Fire extinguishers at the lift landings of Block 12 Bedok South Avenue 2. (Photo: Sara Grosse) Fire extinguishers have been installed at the lift landings of Block 12 Bedok South Avenue 2. (Photo: Sara Grosse)

The fire that engulfed a high-rise building in Shanghai’s Jing’an district in 2010 illustrates a poignant lesson.

A young couple who lived on the fourth floor who seemed to have ignored the fire alarm thinking it was a drill perished in the fire, yet an elderly couple who resided on the fourteenth floor and decided to evacuate immediately survived.

Safety measures and precautions may seem irrelevant, caught up as we are in our everyday routines, where danger seems so far away. But they could help us beat the odds.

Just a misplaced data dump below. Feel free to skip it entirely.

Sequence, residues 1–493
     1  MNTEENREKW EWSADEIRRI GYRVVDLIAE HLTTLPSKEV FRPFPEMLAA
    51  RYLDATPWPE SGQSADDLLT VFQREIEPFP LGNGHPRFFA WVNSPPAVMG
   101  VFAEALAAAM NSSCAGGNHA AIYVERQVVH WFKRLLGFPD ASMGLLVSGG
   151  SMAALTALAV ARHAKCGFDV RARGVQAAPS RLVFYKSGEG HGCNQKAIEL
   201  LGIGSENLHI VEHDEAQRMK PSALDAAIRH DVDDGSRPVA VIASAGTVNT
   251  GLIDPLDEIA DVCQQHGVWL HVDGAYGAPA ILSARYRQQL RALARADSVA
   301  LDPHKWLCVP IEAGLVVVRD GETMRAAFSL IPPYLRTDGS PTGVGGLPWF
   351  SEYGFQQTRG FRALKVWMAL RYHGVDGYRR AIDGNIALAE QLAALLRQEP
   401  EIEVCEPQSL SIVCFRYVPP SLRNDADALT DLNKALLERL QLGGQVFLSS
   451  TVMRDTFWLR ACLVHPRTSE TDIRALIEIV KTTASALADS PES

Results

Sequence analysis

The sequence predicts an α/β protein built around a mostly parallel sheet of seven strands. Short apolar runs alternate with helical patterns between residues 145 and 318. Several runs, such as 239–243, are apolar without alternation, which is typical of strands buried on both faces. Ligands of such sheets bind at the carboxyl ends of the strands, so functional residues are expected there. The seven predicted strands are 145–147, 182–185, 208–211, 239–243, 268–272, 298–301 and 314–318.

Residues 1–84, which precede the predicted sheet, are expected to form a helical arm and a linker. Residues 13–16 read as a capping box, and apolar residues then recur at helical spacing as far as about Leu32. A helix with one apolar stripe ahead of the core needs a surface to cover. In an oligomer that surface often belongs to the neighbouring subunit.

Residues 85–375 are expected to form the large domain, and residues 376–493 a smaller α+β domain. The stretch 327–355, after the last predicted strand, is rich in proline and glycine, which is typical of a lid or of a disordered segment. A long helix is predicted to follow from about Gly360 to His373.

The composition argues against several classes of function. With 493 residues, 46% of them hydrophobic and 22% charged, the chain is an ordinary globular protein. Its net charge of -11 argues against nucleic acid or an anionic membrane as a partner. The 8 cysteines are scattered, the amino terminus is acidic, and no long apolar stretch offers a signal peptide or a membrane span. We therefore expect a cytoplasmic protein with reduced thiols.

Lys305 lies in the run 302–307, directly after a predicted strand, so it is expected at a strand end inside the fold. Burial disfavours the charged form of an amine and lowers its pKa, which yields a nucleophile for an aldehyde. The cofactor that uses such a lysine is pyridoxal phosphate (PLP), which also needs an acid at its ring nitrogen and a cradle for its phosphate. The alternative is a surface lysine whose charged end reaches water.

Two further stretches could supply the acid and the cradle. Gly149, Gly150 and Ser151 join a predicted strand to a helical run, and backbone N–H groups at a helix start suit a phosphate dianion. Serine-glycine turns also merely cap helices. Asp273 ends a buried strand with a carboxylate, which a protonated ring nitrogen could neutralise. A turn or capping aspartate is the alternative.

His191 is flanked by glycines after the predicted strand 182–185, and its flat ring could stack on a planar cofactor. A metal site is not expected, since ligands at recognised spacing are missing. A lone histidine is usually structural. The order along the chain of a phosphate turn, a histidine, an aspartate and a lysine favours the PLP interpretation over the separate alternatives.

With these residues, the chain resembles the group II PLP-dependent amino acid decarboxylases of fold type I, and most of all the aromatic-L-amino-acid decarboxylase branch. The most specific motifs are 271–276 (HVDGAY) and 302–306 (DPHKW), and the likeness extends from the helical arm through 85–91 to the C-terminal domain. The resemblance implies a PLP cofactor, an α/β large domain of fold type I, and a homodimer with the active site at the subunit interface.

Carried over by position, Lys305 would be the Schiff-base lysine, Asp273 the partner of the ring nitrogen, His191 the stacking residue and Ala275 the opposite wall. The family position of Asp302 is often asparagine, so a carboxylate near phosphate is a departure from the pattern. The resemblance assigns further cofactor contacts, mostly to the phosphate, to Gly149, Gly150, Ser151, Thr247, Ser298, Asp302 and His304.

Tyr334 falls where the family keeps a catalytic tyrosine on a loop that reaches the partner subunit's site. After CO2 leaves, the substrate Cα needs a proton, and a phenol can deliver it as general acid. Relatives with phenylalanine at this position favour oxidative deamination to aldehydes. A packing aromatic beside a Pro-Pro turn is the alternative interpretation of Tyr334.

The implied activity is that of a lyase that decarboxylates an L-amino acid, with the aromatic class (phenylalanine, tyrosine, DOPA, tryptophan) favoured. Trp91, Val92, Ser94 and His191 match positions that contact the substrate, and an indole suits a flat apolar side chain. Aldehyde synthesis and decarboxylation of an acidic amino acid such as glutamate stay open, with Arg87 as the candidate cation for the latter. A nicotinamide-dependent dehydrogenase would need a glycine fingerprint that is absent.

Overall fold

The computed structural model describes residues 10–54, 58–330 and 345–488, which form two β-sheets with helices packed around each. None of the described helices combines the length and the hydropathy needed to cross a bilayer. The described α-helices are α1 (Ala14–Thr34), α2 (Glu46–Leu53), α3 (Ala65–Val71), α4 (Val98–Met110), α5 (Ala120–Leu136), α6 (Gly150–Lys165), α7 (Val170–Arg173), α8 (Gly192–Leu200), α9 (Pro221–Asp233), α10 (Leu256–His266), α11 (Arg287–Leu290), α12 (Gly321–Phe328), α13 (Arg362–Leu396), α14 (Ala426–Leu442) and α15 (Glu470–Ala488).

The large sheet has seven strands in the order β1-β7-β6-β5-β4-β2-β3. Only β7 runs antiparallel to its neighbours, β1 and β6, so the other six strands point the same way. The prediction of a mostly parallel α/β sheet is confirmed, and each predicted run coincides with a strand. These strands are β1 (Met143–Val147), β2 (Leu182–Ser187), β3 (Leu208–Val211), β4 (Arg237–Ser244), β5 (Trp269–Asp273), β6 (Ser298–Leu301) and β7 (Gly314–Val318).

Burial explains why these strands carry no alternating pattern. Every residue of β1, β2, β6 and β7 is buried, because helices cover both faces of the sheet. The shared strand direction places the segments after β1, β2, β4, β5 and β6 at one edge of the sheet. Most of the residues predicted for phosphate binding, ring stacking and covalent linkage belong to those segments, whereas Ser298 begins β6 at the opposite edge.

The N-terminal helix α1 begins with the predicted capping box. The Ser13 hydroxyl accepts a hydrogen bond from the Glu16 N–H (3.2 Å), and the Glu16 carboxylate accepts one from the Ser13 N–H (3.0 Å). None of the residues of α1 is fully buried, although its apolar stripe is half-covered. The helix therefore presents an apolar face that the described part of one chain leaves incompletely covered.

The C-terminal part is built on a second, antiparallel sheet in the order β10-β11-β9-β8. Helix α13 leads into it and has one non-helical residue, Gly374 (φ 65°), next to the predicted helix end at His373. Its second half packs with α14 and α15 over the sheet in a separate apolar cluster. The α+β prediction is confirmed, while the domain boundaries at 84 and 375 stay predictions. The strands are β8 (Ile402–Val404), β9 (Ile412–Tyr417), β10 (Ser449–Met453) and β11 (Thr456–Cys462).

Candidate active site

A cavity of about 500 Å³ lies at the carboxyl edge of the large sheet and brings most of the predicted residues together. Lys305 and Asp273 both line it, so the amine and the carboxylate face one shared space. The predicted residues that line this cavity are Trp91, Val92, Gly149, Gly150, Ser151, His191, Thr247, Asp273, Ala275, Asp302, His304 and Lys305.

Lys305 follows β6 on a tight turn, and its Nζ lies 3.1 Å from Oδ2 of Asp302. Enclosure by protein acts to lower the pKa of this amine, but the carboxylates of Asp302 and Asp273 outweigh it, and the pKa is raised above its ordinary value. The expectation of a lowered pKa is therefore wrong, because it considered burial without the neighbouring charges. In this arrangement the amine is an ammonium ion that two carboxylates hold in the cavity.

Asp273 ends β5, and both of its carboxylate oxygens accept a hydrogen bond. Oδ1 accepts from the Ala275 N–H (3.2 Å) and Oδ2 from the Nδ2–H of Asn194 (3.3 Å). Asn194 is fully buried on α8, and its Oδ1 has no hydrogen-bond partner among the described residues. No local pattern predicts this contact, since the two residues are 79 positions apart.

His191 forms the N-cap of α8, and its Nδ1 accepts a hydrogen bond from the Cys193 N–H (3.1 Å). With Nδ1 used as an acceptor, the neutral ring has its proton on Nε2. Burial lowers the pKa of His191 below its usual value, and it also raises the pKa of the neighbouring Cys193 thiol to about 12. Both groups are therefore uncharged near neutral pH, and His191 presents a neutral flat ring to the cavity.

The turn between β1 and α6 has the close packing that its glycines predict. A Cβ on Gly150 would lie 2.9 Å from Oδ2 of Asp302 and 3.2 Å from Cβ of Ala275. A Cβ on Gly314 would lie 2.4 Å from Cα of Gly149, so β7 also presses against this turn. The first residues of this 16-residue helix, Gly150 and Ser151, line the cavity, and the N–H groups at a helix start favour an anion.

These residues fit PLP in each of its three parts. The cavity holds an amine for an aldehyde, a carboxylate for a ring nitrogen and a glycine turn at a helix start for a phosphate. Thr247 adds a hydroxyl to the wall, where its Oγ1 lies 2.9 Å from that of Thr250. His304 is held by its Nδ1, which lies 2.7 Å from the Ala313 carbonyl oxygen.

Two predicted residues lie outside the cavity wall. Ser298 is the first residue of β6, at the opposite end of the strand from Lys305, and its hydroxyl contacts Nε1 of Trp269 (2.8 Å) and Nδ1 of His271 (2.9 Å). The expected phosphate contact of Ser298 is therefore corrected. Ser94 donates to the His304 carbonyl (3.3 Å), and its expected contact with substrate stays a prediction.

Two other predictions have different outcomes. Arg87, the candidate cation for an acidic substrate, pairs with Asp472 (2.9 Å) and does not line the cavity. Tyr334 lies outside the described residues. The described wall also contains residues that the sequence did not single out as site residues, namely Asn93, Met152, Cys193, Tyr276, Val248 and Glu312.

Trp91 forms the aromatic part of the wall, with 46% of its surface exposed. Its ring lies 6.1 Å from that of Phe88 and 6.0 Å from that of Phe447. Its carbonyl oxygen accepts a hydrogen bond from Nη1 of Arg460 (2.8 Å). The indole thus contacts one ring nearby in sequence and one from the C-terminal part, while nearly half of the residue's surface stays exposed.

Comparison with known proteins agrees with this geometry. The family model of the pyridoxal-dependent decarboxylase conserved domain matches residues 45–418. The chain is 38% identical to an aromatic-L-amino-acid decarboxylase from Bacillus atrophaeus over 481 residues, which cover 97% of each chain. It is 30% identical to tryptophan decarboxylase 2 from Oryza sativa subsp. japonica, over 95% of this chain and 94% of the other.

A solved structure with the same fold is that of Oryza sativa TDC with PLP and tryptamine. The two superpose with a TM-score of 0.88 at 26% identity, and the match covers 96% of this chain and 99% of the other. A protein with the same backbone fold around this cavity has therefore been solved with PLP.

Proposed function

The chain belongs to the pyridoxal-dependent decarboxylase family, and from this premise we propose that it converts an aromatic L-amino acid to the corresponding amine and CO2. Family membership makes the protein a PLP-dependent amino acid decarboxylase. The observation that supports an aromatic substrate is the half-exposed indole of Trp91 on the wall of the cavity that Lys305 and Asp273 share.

One should not underestimate the importance of knowing where the nearest fire exit is located or how to deal with smoke when escaping a fire. In the end, the ability to assess a situation, and the presence of mind to act decisively stem from prior familiarity with safety measures.

Further, while it may be the furthest thing from one’s mind when looking into the purchase of a home or rental of an office space, it would also be prudent to enquire about the safety standards of your building.

When it comes to matters like these, it is better to be safe than to be sorry. This is not the time to fear being labeled kiasi.

Dr J Y Richard Liew is a professor at the Department of Civil and Environmental Engineering, National University of Singapore. Dr Yu Wang is a research fellow in the same department.

Source: CNA/sl